Adapted by FRANK MORRIS

NATIONAL LIOUOR NEWS

Adelaide Hills winemakers and producers are working together to assess the damage caused by the devastating Cudlee Creek fire that tore through the region just before Christmas.

Around one-third of the Adelaide Hills’ vineyards stood in the path of the fire, including more than 60 grape growers and producers, many of which are small family businesses that are now dealing with the shock of having lost everything.

Many of the grape growers that have been affected have no public profile, no brand to get behind and no wine to sell. Some of these family businesses are considering their future --destroyed vineyards can take years to regenerate.

The devastation is also great for many apple, pear and cherry growers, equally so for dairy and beef farmers in the Adelaide Hills.

A Viticulturist and Co-Director at Henschke said … new growth is already beginning to peek through the badly burned vines and that the Adelaide Hills community has rallied to rebuild and prepare for the future.

The liquor industry is one of the many to have shown its generous nature with suppliers, producers and individuals who are giving time, money and resources to those need it most.

Below: A GROWER VISITING HER PARTIALLY BURNT OUT VINEYARDS.

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‘BLACK FRIDAY’ BUSHFIRE …
‘BLACK FRIDAY’, JANUARY 13, 1939, THE FULL HAVOC OF BUSHFIRES WERE REVEALED BY NEWSPAPERS AUSTRALIA-WIDE. THE NATION WAS REELING FROM THE HUGE LOSS OF LIFE AND PROPERTY IN VICTORIA AND NSW. IN VICTORIA, 66 SOULS PERISHED AND NSW LOST 5. SOME RAIN WAS A RELIEF FOR SEVERAL AREAS IN BOTH STATES. A HORRENDOUS SIGHT WAS STILL AHEAD. IN VICTORIA, THE WIND INCREASED TO MIGHTY GALE-FORCE STRENGTH WHICH DID LOADS OF DAMAGE. IT WAS A PERIOD OF TERROR. – FRANK MORRIS.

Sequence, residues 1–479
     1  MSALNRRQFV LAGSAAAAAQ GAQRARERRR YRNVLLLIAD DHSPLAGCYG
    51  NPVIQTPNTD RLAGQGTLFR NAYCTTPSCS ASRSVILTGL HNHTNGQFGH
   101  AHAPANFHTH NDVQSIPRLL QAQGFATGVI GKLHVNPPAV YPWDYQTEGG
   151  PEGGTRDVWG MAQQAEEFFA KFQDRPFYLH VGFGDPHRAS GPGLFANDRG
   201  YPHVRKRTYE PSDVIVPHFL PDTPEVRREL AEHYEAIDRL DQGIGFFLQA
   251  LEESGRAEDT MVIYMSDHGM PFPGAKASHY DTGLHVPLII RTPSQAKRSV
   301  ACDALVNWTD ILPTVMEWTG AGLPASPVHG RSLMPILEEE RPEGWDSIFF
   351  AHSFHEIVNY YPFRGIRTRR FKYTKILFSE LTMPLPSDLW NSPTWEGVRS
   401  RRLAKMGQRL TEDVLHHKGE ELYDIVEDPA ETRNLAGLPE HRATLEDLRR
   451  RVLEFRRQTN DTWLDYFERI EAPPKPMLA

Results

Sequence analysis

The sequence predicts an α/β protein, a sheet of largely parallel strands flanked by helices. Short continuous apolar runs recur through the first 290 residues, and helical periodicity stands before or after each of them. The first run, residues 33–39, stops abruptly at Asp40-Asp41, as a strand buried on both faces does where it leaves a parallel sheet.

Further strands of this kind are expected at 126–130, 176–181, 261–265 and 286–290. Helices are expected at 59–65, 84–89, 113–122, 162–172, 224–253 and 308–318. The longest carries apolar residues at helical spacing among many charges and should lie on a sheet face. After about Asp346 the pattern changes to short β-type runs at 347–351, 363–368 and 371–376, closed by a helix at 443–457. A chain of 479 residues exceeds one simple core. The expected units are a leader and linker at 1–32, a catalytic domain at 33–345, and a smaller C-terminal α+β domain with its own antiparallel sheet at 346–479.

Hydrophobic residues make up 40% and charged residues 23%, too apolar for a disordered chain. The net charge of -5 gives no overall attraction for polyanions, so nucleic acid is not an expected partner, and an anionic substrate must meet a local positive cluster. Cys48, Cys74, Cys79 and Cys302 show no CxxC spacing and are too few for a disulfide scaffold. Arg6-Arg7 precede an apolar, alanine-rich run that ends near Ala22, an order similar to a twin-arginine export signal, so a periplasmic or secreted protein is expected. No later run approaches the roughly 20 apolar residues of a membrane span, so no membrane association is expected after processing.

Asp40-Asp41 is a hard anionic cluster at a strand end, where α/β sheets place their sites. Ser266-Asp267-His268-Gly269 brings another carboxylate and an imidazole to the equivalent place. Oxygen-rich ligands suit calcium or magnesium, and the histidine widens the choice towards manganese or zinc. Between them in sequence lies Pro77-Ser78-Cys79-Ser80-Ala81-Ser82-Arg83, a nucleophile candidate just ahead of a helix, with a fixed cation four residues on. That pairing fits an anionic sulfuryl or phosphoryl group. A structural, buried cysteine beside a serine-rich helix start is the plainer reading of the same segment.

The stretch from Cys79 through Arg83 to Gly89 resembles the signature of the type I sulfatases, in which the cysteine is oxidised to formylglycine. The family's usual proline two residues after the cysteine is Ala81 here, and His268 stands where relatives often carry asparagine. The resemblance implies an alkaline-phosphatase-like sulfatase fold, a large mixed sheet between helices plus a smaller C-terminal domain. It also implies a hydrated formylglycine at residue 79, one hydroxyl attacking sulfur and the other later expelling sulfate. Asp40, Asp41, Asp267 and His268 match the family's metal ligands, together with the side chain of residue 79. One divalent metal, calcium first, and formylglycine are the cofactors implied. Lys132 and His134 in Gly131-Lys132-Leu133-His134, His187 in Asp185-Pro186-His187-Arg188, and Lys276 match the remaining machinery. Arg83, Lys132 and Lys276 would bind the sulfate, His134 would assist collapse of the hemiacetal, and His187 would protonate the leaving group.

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IT’S THE OLYMPICS …
IN 1956, ALSO WINNING THE GOLD ON THEIR HOME SOIL. WERE ATHLETES N. CROCKER AND F. ELLOR, WHO, WITH SHIRLEY STRICKLAND AND CUTHBERT, WON THE 100m RELAY. SWIMMERS: JON HENRICKS, D. THIELE. THE MEN’S 200m. RELAY TEAM: J. DEVITT, K, O’HALLORAN, M.ROSE AND J.HENRICKS. THE 100m WON BY L.CRAPP. THE WOMEN’S RELAY: DAWN FRASER, L.CRAPP, F. LEECH AND S. MORGAN WON THE 100m. CYCLISTS: WON THE 2000m TANDEM.


THE SHOW-OFF!

THE END.
<<
From the 1968 issue of Surfabout Magazine.

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NZ: TREATY OF RIGHTS AND PRIVILEGES
THE TREATY OF WAITANGI HAS A PERMANENT PLACE IN HISTORY, WAS SIGNED ON FEBRUARY 6, 1840. THE FACT THAT ONLY THREE MAORI WOMEN WERE ALSO ALLOWED TO SIGN THE TREATY AT THE BAY OF ISLANDS, WAS CONSIDERED “A PRIVILEGE OF SIGNIFICANCE.” SHORTLY AFTERWARDS, ONE OF THE WOMEN’S HUSBAND, CHIEF NOPERA PANAKAREAO, UTTERED THE NOW FAMOUS WORDS: “THE SHADOW OF THE LAND GOES TO THE QUEEN; THE SUBSTANCE REMAINS WITH US”. FRANK MORRIS.
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IT’S THE 0LYMPICS …
1960, AND THE OLYMPICS COME TO ROME. IT COST THE ITALIANS $30 MILLION TO STAGE IT THERE. THE OLYMPIC’S BECOME THE MOST WIDELY TELEVISED EVENTS AT THE TIME, AND ALSO THE COSTLIEST OF INTERNATIONAL AFFAIRS. THIS IS WHERE THE AUSTRALIAN CONTINGENT “BROUGHT HOME THE GOLD”. MOST OF THE SWIMMERS WERE CHUFFED AT THEIR RECORD-BREAKING EVENTS. EQUESTRIAN, BILL ROYCROFT, WON GOLD DESPITE HAVING A BROKEN COLLARBONE.

Posted in: Grand Years with Frank Morris at 14 February 20